In addition to the various state programs, there are also two additional campaigns, the American Ethanol partnership with NASCAR® and the Blend Your Own program, to help increase infrastructure, awareness and adoption of higher ethanol blends. Retailers looking for more information on aid for the installation of infrastructure for higher blends of ethanol, visit the Blend Your Own Ethanol website.
In honor of the National Alternative Fuel Vehicle Day Odyssey, Farmers Union Oil of Southern Valley Cenex located in Wahpeton, North Dakota will be discounting ethanol fuel blends. On Friday, October 26, 2012, E85 will be discounted 85 cents per gallon, E30 will be discounted 30 cents per gallon and E20 will be discounted 20 cents per gallon. Odyssey Day is a biennial event that promotes the use of alternative fueled vehicles and the ethanol blends are only for use in flex-fuel vehicles (FFVs.).
The promotion will begin at noon and end at 3:00 pm. The retail station is located at 2019 9th Street North, Wahpeton, North Dakota.
Supporters of the Wahpeton event include the Farmers Union Oil of Southern Valley, National Alternative Fuels Training Consortium, North Dakota Corn Council, North Dakota Ethanol Council, North Dakota Ethanol Producers Association, North Dakota Clean Cities and the American Lung Association in North Dakota.
In response to strong sales of E15 in areas where the ethanol blend is offered, Ford Motor Company and General Motors (GM) announced their recommendations for use of E15 in their new vehicles. GM added the recommendation of E15 for its 2012 and newer vehicles, while Ford recommends E15 for its 2013 and newer vehicles.
In response, Iowa Renewable Fuels Association (IRFA) Executive Director Monte Shaw said, “The IRFA wants to extend our most sincere thank you to GM and Ford for recommending the use of E15 in new vehicles. I believe Iowa consumers will take notice of GM and Ford’s leadership. This is an important step forward for E15. Thirty years ago, auto recognition of E10 began much the same way. First one company, then others followed. First for new cars, then for the legacy fleet. The pressure is now on other auto manufacturers to follow suit or explain why they offer substandard equipment.”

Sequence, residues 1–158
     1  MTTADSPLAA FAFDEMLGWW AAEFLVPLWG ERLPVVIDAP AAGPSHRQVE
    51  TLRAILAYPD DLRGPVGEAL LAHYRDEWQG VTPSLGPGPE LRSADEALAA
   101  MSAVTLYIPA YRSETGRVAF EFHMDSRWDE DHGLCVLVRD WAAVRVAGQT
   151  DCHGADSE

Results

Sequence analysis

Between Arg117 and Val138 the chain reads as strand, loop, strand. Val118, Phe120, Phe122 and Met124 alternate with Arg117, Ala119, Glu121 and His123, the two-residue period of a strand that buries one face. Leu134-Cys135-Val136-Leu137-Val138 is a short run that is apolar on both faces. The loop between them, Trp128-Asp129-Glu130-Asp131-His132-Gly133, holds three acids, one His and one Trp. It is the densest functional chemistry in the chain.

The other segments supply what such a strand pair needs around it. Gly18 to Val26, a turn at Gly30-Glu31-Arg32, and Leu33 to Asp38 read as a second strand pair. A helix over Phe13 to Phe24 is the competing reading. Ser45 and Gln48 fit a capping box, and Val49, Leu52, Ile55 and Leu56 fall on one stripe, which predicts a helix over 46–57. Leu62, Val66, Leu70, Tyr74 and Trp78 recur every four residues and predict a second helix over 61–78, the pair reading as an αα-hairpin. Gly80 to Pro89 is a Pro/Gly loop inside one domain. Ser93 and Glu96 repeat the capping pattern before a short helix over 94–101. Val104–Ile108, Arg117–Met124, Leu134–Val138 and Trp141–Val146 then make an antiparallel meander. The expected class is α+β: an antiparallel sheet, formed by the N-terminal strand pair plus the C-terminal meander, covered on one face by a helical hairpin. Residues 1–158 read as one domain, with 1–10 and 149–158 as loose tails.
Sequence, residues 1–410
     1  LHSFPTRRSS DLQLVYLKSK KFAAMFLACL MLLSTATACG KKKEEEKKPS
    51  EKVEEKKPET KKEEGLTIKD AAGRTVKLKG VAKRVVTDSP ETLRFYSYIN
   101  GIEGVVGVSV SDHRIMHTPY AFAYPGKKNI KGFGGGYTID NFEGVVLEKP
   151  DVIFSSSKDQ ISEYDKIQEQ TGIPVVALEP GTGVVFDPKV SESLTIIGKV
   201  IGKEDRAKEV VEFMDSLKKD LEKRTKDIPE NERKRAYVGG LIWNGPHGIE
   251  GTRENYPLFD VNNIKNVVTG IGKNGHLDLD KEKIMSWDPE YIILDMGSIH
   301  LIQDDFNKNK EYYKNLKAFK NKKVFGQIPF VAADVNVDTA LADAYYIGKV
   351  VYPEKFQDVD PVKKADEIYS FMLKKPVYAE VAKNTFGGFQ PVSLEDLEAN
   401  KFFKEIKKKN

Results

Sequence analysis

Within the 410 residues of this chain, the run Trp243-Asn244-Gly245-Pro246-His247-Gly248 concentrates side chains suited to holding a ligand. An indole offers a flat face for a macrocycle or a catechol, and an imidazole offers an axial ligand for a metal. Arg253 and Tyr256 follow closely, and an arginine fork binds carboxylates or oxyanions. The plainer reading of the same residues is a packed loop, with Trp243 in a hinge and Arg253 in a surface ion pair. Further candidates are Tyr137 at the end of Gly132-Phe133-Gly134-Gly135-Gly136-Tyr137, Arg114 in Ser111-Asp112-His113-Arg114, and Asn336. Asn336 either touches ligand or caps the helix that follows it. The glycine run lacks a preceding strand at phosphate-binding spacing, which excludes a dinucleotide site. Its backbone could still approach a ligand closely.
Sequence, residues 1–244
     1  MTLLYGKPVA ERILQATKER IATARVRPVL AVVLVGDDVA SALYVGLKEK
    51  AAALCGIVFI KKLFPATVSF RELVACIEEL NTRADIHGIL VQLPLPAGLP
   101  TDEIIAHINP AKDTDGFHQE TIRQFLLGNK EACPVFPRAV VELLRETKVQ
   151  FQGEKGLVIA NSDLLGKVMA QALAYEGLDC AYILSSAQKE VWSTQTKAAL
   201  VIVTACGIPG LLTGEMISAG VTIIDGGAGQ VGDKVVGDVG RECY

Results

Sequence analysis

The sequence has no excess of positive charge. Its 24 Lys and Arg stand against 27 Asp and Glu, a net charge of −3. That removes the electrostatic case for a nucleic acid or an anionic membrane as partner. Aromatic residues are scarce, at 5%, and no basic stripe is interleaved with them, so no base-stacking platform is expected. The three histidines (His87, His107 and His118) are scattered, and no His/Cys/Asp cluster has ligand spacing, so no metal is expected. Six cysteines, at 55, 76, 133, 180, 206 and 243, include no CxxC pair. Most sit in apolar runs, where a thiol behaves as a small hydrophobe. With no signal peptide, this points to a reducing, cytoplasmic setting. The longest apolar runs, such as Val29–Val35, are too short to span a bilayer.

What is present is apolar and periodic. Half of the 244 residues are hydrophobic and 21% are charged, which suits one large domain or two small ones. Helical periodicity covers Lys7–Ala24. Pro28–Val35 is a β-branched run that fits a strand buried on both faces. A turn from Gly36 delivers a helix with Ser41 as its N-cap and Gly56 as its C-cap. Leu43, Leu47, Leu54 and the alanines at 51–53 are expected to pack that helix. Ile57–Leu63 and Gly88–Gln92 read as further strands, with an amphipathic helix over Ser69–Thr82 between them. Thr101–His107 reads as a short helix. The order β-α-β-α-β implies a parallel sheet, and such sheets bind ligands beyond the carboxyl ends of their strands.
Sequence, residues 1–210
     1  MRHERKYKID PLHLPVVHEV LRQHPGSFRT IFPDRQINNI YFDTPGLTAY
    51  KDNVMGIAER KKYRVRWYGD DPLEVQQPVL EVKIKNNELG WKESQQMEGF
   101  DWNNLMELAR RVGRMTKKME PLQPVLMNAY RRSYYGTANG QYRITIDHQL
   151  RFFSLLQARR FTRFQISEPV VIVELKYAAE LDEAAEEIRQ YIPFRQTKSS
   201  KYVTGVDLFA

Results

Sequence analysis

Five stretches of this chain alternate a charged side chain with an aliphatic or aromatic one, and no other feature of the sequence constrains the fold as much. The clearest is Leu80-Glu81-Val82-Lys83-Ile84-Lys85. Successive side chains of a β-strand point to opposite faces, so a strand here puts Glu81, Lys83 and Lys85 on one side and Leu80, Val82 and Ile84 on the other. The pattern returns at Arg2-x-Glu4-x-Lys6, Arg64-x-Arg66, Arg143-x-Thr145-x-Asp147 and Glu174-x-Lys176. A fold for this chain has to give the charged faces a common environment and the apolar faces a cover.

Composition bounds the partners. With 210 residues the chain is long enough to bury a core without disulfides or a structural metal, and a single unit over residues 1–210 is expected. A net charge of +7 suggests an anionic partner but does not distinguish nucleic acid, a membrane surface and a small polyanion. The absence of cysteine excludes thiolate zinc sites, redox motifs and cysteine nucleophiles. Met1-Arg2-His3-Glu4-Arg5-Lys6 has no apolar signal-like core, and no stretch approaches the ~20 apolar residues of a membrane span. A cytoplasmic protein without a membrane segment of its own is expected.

Retailers, who must first register with the EPA before legally selling E15, began to offer the higher ethanol blend quickly upon final approval for E15 for all 2001 and newer vehicles by the Environmental Protection Agency (EPA). The first retailer in the country to sell E15 was in Kansas and retailers in Iowa quickly followed suit. Last month, Linn Co-op Oil Company in Marion, Iowa became the first retailer in the state to offer E15. Several other Iowa retailers are in various stages of moving to offer E15.
E15 sales in Iowa are proving to be strong right out of the pump. This may be a poor metaphor, but the good news is that Linn Co-op Oil Company, the first retailer to officially sell E15 in Iowa, has seen sales soar to more than 30 percent of the day’s sales after an open house event on Friday, September 21, 2012. The ethanol fuel blend is the most tested fuel blend in the history of the U.S. and is approved for drivers of owning a 2001 or new vehicle, SUV or light-duty truck.
“Friday’s open house event at Linn Co-op proved to be a great success,” said Lucy Norton, Iowa Renewable Fuels Association Managing Director. “Attendees showed a deep interest in E15, specifically asking for the fuel and provided a large uptick in E15 sales. Iowa motorists are excited to have another high-octane, low-cost ethanol option that supports local jobs and contributes to the state’s economy.”
As part of the introduction of E15, Linn Co-op held an open house on Friday, September 21, from 8 a.m. to 5 p.m. with lunch served from 11 a.m. to 1 p.m. E15 customers received a 15 cent discount on each gallon of E15 purchased.
To introduce E15 to Marion residents, the IRFA, Iowa Corn and the Iowa Power Fund Community Grant Program are sponsoring a media campaign that includes radio and print ads, billboards and direct mail. The campaign will run throughout September. A similar campaign is available to any Iowa retailer who offers E15 for 2001 and newer vehicle owners, says Norton. Retailers preparing to offer E15 in the future are urged to contact the IRFA for promotional assistance.
“E15 is bringing in many new customers to Linn Co-op,” added Jim Becthold, Service Manager for Linn Co-op Oil Company. “During our open house event, I saw countless new faces from all over the county. Also, a great deal of our customers specifically asked for E15 and Friday’s sales reflected that.”